While I loved staying at the Riad Fès and eating at a variety of restaurants, wandering the alleys of the medina with their mouthwatering displays did make me wish I could buy some provisions and cook a few meals — maybe next time!
Since we were there in springtime, the stalls were overflowing with the freshest produce in addition to everything else one could possibly need.
This man alternated shelling fava beans with trimming the baby artichokes (I wish I could have brought some home!).Herbs for use in tagines and if you can guess what the item is in the topmost basket…you are a lot smarter than I am! (Hint: it’s not edible but used after meals.)
Rather than baking bread at home, people bring their bread to the communal baker.
The aroma of fresh baked breads permeated the markets.
When my daughter studied in Fez, she came home raving about Maakouda sandwiches – a pocket bread stuffed with fried eggs, potato fritters (maakouda) and a spicy sauce. Once I ate the one above, I concurred with her assessment that it is the best sandwich in the world.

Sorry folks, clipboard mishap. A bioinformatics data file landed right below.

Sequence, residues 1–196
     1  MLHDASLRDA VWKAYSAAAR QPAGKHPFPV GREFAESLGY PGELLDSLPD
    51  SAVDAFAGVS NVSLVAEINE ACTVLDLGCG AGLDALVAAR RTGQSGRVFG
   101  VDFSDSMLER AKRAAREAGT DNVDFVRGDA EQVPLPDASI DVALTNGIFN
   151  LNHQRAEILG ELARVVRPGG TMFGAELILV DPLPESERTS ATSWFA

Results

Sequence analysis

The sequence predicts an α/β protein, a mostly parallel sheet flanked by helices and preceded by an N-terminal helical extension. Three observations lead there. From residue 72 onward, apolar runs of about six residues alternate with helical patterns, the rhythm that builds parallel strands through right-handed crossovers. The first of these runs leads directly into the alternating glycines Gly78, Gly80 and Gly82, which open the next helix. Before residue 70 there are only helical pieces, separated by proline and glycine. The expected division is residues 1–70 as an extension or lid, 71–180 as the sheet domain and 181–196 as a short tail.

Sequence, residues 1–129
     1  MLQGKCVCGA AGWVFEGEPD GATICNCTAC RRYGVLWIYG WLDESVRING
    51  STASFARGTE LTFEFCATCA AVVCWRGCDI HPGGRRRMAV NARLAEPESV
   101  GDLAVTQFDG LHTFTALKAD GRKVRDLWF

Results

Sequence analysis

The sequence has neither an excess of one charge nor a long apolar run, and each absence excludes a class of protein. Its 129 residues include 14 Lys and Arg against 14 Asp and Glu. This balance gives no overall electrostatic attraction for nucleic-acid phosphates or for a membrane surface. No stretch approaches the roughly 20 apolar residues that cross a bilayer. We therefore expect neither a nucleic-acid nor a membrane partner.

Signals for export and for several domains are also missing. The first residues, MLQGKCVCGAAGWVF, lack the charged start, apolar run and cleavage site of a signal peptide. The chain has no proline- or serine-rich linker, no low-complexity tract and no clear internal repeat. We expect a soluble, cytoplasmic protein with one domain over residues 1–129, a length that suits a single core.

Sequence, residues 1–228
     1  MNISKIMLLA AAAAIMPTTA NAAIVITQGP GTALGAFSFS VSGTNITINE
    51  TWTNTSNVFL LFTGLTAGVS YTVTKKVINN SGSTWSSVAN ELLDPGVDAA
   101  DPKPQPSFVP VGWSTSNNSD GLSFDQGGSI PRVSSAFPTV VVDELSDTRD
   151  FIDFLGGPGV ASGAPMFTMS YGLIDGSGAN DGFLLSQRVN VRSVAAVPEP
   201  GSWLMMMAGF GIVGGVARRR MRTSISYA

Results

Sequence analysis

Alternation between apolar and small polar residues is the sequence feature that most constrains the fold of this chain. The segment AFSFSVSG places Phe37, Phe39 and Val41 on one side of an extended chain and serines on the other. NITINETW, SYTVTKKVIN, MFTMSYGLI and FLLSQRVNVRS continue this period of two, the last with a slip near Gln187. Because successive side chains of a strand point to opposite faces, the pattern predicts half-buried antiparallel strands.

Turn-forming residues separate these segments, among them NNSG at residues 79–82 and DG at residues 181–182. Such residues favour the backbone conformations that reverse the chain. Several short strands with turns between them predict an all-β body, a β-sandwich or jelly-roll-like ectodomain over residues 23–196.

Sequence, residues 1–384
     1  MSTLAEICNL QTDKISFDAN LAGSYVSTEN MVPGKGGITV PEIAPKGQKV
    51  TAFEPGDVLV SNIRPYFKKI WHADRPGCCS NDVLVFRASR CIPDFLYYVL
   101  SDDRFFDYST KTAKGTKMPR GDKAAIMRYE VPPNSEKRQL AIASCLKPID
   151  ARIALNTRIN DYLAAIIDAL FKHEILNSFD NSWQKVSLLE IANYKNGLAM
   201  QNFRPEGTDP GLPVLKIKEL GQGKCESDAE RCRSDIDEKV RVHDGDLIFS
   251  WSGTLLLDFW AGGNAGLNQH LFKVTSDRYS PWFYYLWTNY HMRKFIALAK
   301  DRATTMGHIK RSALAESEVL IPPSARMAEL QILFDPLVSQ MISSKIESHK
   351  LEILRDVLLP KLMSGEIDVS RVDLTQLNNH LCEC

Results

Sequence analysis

This woman must have teflon hands – and she seemed to average a sheet of phyllo every 20 seconds. No one makes phyllo at home anymore, since it can be ordered by weight or sheets and in staggering quantities for a wedding or other celebration.
There is an entire souk devoted to honey where we tasted over a dozen varieties. There were such distinct flavor profiles based on the bees’ diet. My personal favorites were cardamon, carob and thyme. I was not crazy about eucalyptus, cedar or caper. According to our guide, each of these honeys has a particular beneficial attribute: carob honey is good for digestion, while lavender honey is good for stress.
There are at least 45 distinct varieties of dates which are a favorite food for breaking the fast. I am not sure I have traveled to a country with a greater love for sweets.
There are stalls in the medina that sell other items year round, except for the month leading up to Ramadan when they sell pastries like these.
Tagine (or Tajine) refers to the terra cotta cookware used in preparing traditional Moroccan stews, as well as the glazed ceramics in which they are served, in addition to the dish itself.
And, of course, there is the justly renowned Moroccan mint tea. Now that I have tasted mint tea the way it is supposed to be made, nothing else can compare.
Lastly, here is the “mystery” item in the basket above. It is dried Queen Anne’s Lace: each small branch is peeled off for use as a toothpick!